Eugene F Rivers, III
The Reverend Eugene F. Rivers III who was educated at Harvard is a former member of the Somersville street gang in Philadelphia. An activist for over 35 years Rivers is recognized nationally and internationally as one of the most effective crusaders against gang violence. He is the founder and director of the Ella J. Baker House that has provided intensive mentoring, educational programming and job readiness training for thousands of high risk youth over the last 20 years. He is the co-founder of the Boston TenPoint Coalition which was a key player in the dramatic reduction in violence that Boston experienced in the early 1990’s. Reverend Rivers is the author of the TenPoint Plan to Combat Black-on-Black Violence that was the guiding document of the Coalition. Rivers also founded the National TenPoint Leadership Foundation, whose goal was to establish the TenPoint model in the worst inner city neighborhoods in America. The TenPoint Coalition’s approach to faith-community/law-enforcement partnerships is the model for anti-violence programs currently being used successfully in several US cities.
Rivers has served as a consult to the governments of Chile, Brazil, Canada, Ireland andEngland on issues of faith-community/law-enforcement partnerships to combat violent crime. He appeared as a key note speaker for the World Council of Churches in Harare, Zimbabwe on the same issue. He advised both the Clinton and Bush administrations on their faith-based initiatives and was identified by the New York Times as the Bush administration’s point man on that topic.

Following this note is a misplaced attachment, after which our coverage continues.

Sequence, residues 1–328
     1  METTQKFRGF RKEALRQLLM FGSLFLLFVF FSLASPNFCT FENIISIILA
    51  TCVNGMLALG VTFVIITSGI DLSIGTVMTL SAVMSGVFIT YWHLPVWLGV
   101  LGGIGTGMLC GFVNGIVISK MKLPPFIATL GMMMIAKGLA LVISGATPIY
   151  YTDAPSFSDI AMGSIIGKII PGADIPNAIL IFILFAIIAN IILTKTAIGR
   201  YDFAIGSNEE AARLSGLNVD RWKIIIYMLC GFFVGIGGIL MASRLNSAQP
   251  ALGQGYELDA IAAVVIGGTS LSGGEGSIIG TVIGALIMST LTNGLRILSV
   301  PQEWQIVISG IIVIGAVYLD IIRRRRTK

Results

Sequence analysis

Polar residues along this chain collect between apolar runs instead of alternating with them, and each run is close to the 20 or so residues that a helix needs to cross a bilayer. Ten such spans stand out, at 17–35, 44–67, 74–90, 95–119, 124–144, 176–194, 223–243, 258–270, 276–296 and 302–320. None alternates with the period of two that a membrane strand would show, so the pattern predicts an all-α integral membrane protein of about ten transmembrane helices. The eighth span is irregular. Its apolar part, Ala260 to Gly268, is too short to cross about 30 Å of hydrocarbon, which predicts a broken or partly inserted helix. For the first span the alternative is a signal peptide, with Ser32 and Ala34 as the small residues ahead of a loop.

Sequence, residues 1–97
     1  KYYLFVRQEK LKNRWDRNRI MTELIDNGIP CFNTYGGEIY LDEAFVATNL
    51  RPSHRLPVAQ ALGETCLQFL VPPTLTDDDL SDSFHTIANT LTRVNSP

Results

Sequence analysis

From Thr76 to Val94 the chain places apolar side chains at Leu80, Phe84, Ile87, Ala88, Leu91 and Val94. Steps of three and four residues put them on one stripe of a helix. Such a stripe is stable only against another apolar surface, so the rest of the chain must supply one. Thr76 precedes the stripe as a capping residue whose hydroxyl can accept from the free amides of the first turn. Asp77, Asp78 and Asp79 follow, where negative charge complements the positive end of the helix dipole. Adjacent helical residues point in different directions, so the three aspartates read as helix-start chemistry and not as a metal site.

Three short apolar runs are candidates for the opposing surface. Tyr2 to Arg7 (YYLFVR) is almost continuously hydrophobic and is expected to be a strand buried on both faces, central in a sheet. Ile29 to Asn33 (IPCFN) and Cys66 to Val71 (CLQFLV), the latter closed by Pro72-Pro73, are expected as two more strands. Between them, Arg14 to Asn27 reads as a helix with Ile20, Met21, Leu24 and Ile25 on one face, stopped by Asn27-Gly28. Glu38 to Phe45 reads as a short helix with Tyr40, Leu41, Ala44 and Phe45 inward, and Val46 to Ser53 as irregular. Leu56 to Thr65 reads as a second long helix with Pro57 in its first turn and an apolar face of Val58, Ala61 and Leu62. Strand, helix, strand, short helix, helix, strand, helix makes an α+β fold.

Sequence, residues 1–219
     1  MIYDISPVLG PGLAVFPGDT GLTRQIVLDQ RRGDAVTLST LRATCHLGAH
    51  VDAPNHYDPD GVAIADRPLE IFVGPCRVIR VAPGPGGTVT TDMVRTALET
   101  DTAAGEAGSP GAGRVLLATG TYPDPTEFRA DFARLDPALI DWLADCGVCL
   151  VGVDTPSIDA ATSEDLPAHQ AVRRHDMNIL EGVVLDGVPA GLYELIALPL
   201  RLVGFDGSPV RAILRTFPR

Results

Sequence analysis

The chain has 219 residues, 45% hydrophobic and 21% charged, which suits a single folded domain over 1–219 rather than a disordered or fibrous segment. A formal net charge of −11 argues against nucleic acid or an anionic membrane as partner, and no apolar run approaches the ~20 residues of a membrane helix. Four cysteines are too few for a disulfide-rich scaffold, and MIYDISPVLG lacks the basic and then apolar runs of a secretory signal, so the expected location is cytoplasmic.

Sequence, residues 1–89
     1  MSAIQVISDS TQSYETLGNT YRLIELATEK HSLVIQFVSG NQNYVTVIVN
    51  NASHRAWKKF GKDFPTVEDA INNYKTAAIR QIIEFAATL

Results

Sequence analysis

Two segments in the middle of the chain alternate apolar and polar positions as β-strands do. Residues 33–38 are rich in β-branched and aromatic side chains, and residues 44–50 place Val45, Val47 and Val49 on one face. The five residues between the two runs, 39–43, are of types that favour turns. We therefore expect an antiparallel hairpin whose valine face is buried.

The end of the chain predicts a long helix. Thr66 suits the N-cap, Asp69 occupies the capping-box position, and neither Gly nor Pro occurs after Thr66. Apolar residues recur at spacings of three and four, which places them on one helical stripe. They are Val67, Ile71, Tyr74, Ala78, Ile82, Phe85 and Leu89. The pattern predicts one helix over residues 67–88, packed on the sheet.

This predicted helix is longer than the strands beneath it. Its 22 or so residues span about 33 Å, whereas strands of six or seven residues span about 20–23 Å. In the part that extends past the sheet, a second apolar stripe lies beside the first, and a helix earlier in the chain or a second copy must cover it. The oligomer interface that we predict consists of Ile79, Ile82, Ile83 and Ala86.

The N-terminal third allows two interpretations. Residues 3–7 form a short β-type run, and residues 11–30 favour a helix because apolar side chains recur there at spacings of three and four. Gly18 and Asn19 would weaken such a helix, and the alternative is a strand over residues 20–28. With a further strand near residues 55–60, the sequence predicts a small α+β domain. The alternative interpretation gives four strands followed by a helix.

Rivers serves as a political analyst for MSNBC and as a highly sought-after speaker, he has provided commentary for ABC (Prime Time, Nightline, and ABC Morning News), NBC (Hardball and MSNBC), CBS (CBS Evening News, Sixty Minutes II), PBS (Charlie Rose, Bill Moyers Show) Fox Television (The O’Reilley Factor) BET (Lead Story and Meet the Faith) He has provided political commentary for CNN, BBC and National Public Radio, among other media outlets. He has been featured in or provided commentary for publications such as Newsweek, The Economist, The New Yorker, The New York Times, the Washington Post, the Los Angeles Times, the Boston Herald, and the Boston Globe, as well as periodicals such as the Boston Review, Sojourners, Christianity Today, and Books and Culture. He has lectured at several universities, including Harvard University, Yale University, Princeton University, Calvin College and the London School of Economics. He has also authored or co-authored numerous essays, including “On the Responsibility of Intellectuals in an Age of Crack,” “Beyond the Nationalism of Fools: A Manifesto for a New Black Movement,” “Black Churches and the Challenge of U.S. Foreign and Development Policy” (2001), “An Open Letter to the U.S. Black Religious, Intellectual, and Political Leadership Regarding AIDS and the Sexual Holocaust in Africa” (1999), and “A Pastoral Letter to President George W. Bush on Bridging our Racial Divide” (2001).
Rivers lives in Dorchester, Massachusetts with his wife.